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Recipe: Ramp Kimchi
Every year, in mid-April, it feels like the entire East Coast holds its collective breath in anticipation of ramp season. When ramps, or wild leeks, finally emerge from the ground, professional chefs and amateurs alike hit the trails en masse to forage for these green, onion-scented shoots during their very short season. The adventure of finding them, coupled with the reward of their delicious and versatile flavors, has whipped up a veritable frenzy around ramps, making it more important than ever to do our due diligence in protecting the crop to make sure there's plenty to go around next year, and for many years to come.
Ramps are easy to identify in the wild because their leaves give off a powerful onion scent, so you can be sure of what they are before you pull them from the ground. In fact, we don't recommend pulling them out of the ground at all if you're foraging them. It's best to use a foraging knife to harvest the leaves from the stalk, leaving one leaf on each plant and the bulb and roots in the ground so it has a chance to spread more tasty ramps. Be sure to only forage what you're going to eat (we recommend <10% of a patch) and leave the rest behind.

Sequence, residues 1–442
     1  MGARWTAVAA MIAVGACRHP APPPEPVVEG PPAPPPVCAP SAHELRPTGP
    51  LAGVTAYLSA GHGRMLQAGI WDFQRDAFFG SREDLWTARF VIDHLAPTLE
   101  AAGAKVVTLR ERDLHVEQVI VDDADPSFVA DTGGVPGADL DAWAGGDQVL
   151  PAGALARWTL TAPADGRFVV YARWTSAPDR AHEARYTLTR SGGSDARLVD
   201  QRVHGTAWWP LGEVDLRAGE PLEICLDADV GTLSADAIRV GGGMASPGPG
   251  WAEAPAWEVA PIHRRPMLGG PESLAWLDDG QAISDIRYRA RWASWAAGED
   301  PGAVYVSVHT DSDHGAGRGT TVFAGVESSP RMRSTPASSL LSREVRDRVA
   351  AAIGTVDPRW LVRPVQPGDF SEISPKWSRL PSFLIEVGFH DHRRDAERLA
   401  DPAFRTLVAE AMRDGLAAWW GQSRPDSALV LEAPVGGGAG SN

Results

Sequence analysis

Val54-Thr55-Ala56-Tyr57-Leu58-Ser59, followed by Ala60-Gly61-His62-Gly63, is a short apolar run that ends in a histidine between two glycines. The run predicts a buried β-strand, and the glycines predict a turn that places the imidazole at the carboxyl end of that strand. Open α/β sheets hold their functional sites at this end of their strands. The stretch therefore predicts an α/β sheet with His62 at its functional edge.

If you won't be hitting the trails to forage your own, check your local farmer's markets for sustainably (double check with the vendor) harvested ramps.
The bold garlic aromas of ramps make them a perfect pairing for the deep, funky flavors of kimchi, and they maintain their dark green color beautifully through the fermentation process. The leaves become silky and tender, and retain their own unique flavors against the kimchi paste, while the bulbs (if you choose to include some) stay crunchy and pungent. We like them on top of cold sesame noodles, in kimchi fried rice, or on top of toast with a soft-boiled egg. Ramps are also packed with Vitamin C, making this kimchi a snack that's as healthy as it is delicious.